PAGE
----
In a recent CNN interview, conservative televangelist Joel Osteen -- who says that being gay is a sin -- also said, "I know I have not chosen to be straight. It just feels like that's who I am."

But when he was asked how, then, could a gay person choose to be gay, if he didn't choose to be straight, well -- "I don't understand all of those issues, and so, you know, I try to stick on the issues that I do understand."

Translation: Damn. You got me there.

Follow @CNNOpinion on Twitter.

Join us at Facebook/CNNOpinion.

The opinions expressed in this commentary are solely those of LZ Granderson.

ADVERTISEMENT
Part of complete coverage on
updated 2:45 PM EDT, Thu April 17, 2014
Michael Bloomberg and Shannon Watts say Americans are ready for sensible gun laws, but politicians are cowed by the NRA. Everytown for Gun Safety will prove the NRA is not that powerful.
updated 9:28 AM EDT, Thu April 17, 2014
Ruben Navarrette says Steve Israel is right: Some Republicans encourage anti-Latino prejudice. But that kind of bias is not limited to the GOP.
updated 7:23 PM EDT, Wed April 16, 2014
Peggy Drexler counts the ways Phyllis Schlafly's argument that lower pay for women helps them nab a husband is ridiculous.
updated 12:42 PM EDT, Wed April 16, 2014
Rick McGahey says Rep. Paul Ryan is signaling his presidential ambitions by appealing to hard core Republican values
updated 11:39 AM EDT, Wed April 16, 2014
Paul Saffo says current Google Glasses are doomed to become eBay collectibles, but they are only the leading edge of a surge in wearable tech that will change our lives
updated 2:49 PM EDT, Tue April 15, 2014
Kathleen Blee says the KKK and white power or neo-Nazi groups give haters the purpose and urgency to use violence.
updated 7:56 AM EDT, Wed April 16, 2014
Sen. Sheldon Whitehouse and Rep. Henry Waxman say read deep, and you'll see the federal Keystone pipeline report spells out the pipeline is bad news
updated 7:53 AM EDT, Wed April 16, 2014
Frida Ghitis says President Obama needs to stop making empty threats against Russia and consider other options
updated 5:29 PM EDT, Tue April 15, 2014
Peter Bergen and David Sterman say the Kansas Jewish Center killings are part of a string of lethal violence in the U.S. that outstrips al Qaeda-influenced attacks. Why don't we pay more attention?
updated 12:41 PM EDT, Tue April 15, 2014
Danny Cevallos says families of the passengers on Malaysian Airlines Flight 370 need legal counsel
updated 11:23 AM EDT, Mon April 14, 2014
David Frum says Russia is on a rampage of mischief while Western leaders and Western alliances charged with keeping the peace hem and haw
updated 7:56 AM EDT, Mon April 14, 2014
Most adults make the mistakes of hitting the snooze button and of checking emails first thing in the morning, writes Mel Robbins
updated 1:54 PM EDT, Mon April 14, 2014
David Wheeler says as middle-class careers continue to disappear, we need a monthly cash payment to everyone
updated 7:55 AM EDT, Mon April 14, 2014
Democrats need to show more political spine when it comes to the issue of taxes.
updated 11:55 AM EDT, Mon April 14, 2014
Donna Brazile recalls the 50th Anniversary of the Civil Rights Act as four presidents honored the heroes of the movement and Lyndon Johnson, who signed the law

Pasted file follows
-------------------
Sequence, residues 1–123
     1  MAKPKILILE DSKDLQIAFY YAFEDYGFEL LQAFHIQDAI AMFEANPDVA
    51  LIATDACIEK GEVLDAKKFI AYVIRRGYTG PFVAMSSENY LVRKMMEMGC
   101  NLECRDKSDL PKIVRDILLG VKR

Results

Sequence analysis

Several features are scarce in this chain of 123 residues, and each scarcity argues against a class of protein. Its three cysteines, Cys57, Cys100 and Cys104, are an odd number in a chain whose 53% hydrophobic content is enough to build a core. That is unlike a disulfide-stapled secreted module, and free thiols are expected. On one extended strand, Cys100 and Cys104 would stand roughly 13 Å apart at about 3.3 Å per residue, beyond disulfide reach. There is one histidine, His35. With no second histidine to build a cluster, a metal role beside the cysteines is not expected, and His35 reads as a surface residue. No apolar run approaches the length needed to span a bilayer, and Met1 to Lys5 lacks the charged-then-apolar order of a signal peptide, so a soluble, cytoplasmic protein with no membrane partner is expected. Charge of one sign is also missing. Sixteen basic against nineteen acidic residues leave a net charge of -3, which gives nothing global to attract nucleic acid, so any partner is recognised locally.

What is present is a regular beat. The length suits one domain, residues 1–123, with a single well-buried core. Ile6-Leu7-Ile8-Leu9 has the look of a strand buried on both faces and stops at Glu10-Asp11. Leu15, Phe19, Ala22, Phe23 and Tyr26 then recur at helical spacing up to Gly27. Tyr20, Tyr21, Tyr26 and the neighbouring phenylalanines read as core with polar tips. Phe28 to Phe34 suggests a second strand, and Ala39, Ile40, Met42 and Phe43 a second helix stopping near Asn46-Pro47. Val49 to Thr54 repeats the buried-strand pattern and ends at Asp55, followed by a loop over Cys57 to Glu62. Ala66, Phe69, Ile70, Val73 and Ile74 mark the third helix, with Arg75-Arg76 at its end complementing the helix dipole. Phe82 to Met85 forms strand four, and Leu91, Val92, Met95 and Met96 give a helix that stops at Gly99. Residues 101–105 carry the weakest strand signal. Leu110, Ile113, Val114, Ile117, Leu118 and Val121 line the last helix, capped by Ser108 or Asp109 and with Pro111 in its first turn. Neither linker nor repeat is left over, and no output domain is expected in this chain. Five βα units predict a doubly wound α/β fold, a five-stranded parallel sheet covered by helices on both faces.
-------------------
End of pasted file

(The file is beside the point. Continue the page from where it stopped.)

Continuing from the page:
updated 9:17 AM EDT, Mon April 14, 2014
Elmer Smith remembers Chuck Stone, the legendary journalist from Philadelphia who was known as a thorn in the side of police and an advocate for the little guy
updated 2:56 PM EDT, Sun April 13, 2014
Al Franken says Comcast, the nation's largest cable provider, wants to acquire Time Warner Cable, the nation's second-largest cable provider. Should we be concerned?
updated 11:22 AM EDT, Fri April 11, 2014
Philip Cook and Kristin Goss says the Pennsylvania stabbing attack, which caused grave injury -- but not death, carries a lesson on guns for policymakers
updated 3:06 PM EDT, Fri April 11, 2014
Wikipedia lists 105 football movies, but all too many of them are forgettable, writes Mike Downey
updated 10:32 AM EDT, Fri April 11, 2014
John Sutter and hundreds of iReporters set out to run marathons after the bombings -- and learned a lot about the culture of running
updated 12:49 PM EDT, Fri April 11, 2014
Timothy Stanley says it was cowardly to withdraw the offer of an honorary degree to Ayaan Hirsi Ali. The university should have done its homework on her narrow views and not made the offer
updated 10:16 AM EDT, Fri April 11, 2014
Al Awlaki
Almost three years after his death in a 2011 CIA drone strike in Yemen, Anwar al-Awlaki continues to inspire violent jihadist extremists in the U.S, writes Peter Bergen
updated 9:21 PM EDT, Fri April 11, 2014
David Bianculli says Colbert is a smart, funny interviewer, but ditching his blowhard persona to take over the mainstream late-night role may cost him fans
updated 1:31 PM EDT, Thu April 10, 2014
Rep. Paul Ryan says the Republican budget places its trust in the people, not in Washington
updated 5:28 PM EDT, Thu April 10, 2014
Aaron David Miller says Obama isn't to blame for Kerry's lack of progress in resolving Mideast talks
updated 11:22 AM EDT, Mon April 14, 2014
David Weinberger says beyond focusing on the horrors of the attack a year ago, it's worth remembering the lessons it taught about strength, the dangers of idle speculation and Boston's solidarity
updated 12:32 PM EDT, Thu April 10, 2014
Katherine Newman says the motive for the school stabbing attack in Pennsylvania is not yet known, but research on such rampages turns up similarities in suspects and circumstances
updated 2:39 PM EDT, Wed April 9, 2014
Wendy Townsend says the Rattlesnake Roundup -- where thousands of pounds of snakes are killed and tormented -- is barbaric
ADVERTISEMENT
ADVERTISEMENT
ADVERTISEMENT
ADVERTISEMENT